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Nidah 52



(a) The Tana needs to add 'O Choletzes O Misyabemes', even after having written that 've'Chayeves be'Chol ha'Mitzvos', in order to preclude the opinion of Rebbi Yossi, who holds that even a Ketanah can make Chilatzah (like she can make Yibum - because it is only a Katan whom the Torah precludes from Chalitzah, when it writes "Ish").

(b) The Tana mentions that *a boy* can make Chalitzah only after he has brought two hairs, because it mentions it by *a girl* (where it is necessary, as we explained earlier).

(c) According to the Chachamim), a girl who has been married off by her mother or brother can make Miy'un up to the time that she brings two hairs - provided she has turned twelve.

(a) Rebbi Yehudah agrees (according to Rebbi Avahu quoting Rebbi Elazar) that, once she has a baby, a girl can no longer make Miy'un, even before 'there is a lot of black'.

(b) Rebbi Yishmael learns from "*ve'Hi* Lo Nispasah", that although by a regular marriage, the Torah draws a distinction between a woman who was seized (and raped - who is forbidden to go back to her husband) and one who committed adultery voluntarily (who is permitted both to her husband and to the adulterer, should her husband die or divorce her), there is another case where, even if she is intimate with another man voluntarily whilst she is married, she is permitted to return both to her husband and to the adulterer. And which case is that?
That is the case of a Kidushei Ta'us, where a condition was made which was not fulfilled - and that includes the Kidushin of a Ketanah (who was married off by her mother or brothers).

(c) Rebbi Yishmael's daughter was married off by her mother or brothers, and, after she had turned twelve - but before there was a lot a lot of black, she came to Make Miy'un (with a baby riding on her shoulders). The Chachamim wept because, who would have thought that the very distasteful occurrence about which Rebbi Yishmael spoke, would happen to his own daughter.

(d) According to Rebbi Yehudah, a person does not make his Bi'ah a Bi'as Zenus. Consequently, as soon as she makes Bi'ah from the time that she turns twelve, it is considered a fresh Kidushin, and she can no longer make Miy'un. Whereas according to Rebbi Yishmael, when he makes Bi'ah, he has in mind that this Biy'ah follows the original Kidushin, which becomes she has the power to render obsolete when she turns twelve.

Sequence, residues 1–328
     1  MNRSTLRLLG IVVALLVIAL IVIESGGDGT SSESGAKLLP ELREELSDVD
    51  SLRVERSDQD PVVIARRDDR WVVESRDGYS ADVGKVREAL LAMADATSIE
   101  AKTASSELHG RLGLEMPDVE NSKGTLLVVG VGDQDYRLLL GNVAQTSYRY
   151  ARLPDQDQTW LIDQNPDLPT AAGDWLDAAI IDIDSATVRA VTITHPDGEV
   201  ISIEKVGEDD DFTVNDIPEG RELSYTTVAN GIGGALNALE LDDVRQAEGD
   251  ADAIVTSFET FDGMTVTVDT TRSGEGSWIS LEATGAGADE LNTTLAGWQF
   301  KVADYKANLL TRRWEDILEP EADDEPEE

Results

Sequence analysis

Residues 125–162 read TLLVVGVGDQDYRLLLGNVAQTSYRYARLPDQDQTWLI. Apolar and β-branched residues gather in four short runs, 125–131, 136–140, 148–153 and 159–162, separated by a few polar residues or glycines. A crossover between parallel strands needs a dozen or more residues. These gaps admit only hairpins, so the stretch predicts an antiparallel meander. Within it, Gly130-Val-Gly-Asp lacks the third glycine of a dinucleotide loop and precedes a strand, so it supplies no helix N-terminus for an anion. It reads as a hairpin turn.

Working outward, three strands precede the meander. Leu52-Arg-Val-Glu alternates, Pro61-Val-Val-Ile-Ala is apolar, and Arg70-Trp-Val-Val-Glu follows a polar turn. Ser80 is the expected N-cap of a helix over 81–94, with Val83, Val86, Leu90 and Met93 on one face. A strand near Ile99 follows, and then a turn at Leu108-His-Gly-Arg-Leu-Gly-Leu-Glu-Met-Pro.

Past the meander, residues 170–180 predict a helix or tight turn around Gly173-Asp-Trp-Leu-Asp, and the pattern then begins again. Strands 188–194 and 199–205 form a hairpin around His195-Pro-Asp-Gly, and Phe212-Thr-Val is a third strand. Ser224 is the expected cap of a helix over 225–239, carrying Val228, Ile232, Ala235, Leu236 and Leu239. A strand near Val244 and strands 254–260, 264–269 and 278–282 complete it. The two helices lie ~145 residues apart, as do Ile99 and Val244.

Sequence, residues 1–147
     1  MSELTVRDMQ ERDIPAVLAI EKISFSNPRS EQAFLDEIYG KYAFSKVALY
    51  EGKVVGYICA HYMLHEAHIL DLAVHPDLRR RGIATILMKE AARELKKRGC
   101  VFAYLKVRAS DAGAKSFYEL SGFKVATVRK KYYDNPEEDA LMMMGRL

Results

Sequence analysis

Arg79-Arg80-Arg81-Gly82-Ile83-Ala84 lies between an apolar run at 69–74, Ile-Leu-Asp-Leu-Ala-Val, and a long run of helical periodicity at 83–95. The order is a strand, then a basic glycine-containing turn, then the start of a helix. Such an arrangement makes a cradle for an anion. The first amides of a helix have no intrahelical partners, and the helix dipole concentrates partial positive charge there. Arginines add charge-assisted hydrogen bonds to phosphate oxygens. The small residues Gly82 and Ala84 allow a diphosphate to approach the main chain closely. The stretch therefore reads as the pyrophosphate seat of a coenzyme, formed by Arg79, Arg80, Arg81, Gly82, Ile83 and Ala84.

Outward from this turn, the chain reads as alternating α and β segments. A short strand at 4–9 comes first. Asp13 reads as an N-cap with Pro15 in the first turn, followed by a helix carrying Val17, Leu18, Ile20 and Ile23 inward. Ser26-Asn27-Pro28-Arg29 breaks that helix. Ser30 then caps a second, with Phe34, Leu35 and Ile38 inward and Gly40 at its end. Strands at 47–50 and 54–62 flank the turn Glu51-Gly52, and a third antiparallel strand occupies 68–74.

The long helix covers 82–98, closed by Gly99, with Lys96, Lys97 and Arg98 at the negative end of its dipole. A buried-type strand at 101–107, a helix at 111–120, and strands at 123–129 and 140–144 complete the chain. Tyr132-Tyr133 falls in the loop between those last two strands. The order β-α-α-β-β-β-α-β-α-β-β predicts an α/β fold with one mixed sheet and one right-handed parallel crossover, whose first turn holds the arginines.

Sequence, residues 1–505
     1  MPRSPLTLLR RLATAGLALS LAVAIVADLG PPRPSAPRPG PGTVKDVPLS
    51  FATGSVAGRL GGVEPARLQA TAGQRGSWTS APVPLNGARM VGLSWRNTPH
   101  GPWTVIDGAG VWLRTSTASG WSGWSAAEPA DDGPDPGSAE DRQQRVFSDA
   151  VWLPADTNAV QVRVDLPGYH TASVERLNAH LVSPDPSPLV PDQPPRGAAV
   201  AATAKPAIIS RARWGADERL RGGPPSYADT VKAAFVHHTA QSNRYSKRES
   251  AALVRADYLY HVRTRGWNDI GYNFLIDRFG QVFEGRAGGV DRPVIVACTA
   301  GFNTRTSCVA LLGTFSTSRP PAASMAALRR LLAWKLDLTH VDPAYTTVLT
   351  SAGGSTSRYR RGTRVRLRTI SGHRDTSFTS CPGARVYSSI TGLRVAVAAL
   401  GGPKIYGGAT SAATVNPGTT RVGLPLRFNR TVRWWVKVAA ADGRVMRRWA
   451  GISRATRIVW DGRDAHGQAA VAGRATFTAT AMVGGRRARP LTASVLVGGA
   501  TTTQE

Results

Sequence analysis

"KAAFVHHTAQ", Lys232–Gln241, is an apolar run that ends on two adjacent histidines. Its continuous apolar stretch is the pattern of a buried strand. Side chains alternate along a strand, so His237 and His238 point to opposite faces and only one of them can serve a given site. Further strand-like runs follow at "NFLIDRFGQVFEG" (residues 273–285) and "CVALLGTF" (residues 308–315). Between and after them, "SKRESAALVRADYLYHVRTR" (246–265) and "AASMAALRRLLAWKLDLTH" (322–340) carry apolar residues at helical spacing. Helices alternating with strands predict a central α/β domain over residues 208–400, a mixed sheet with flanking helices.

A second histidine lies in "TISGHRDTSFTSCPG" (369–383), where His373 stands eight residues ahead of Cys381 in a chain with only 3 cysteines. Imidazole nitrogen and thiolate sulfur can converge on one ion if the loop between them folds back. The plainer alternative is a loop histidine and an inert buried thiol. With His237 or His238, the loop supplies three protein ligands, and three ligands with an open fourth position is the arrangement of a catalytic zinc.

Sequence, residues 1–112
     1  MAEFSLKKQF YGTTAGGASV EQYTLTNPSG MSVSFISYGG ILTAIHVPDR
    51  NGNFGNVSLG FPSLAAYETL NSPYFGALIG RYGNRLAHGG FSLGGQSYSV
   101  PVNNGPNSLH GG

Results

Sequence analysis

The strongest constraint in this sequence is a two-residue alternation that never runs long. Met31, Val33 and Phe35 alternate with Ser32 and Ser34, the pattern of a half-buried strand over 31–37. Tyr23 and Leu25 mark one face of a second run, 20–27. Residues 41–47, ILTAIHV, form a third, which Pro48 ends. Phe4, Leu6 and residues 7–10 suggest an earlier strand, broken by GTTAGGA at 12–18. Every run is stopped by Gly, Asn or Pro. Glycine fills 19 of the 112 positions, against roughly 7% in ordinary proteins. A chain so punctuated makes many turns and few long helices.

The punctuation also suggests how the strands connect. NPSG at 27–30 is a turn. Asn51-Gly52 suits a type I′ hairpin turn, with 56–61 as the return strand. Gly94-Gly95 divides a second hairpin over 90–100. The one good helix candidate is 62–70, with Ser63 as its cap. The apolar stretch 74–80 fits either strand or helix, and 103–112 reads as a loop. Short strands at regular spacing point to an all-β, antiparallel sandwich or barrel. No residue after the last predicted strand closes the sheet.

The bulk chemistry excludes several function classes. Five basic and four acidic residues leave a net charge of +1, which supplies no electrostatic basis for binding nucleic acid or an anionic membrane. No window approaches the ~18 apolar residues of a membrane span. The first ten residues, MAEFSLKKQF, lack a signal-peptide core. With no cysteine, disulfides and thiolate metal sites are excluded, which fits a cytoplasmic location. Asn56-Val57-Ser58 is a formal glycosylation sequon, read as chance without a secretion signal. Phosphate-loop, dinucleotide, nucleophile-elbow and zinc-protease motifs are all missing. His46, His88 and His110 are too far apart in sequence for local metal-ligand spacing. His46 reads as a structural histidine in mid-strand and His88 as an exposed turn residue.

The Gemara rules like Rebbi Yehudah, that she can make Miy'un until there is a lot of black - provided she did not make Bi'ah.
Some hold like the Chachamim, others like Rebbi Yehudah. What is clear is that the Halachah is not like Rebbi Yishmael.

(a) 'Ad she'Yarbeh ha'Shachor' has two meanings: 1. That two hairs are long enough to lie flat, conveying the impression that there is more black than white; 2. 'Two hairs that go round from one edge to the other' (it is not clear to me what this means).

(b) Rav Malkiyo adds that even holes without the hairs are sufficient to make a boy or a girl a Gadol - because we assume that the hairs were there (since there are no holes without hairs), and must have fallen out.

(c) 'Masnita Malkesa' is a Si'man to remember that the three statements to do with the Mishnahs or the Beraisos were made by Rebbi Malkiya (since 'Malkiya' and 'Masnita' are both feminine endings, as opposed to 'Malkiyo', which has a masculine ending.

(d) The case of 'Shefachos' is a Mishnah. Therefore, according to Rav Papa, it should be ascribed to Rav Malkiya; whereas according to Rav Chanina Brei de'Rav Ika, it was said by Rav Malkiyo.
And, in the opinion of Rashi, we must also switch around the parallel case of 'Eifer Makleh', which, according to Rav Chanina was said by Rav Malkiya, and according to Rav Papa, by Rav Malkiyo.

(a) Had a Mishnah or a Beraisa taught Rav Malkiyo's Din (i.e. that one does not require actual hairs, but that holes are sufficient), we would have thought that there have to be two hairs growing in *two holes*, but that, if they both grow from *one hole*, it is not a good Si'man Gadlus. Therefore the Mishnah writes two hairs, to teach us that even though they grow from one hole, they are still a Si'man Gadlus.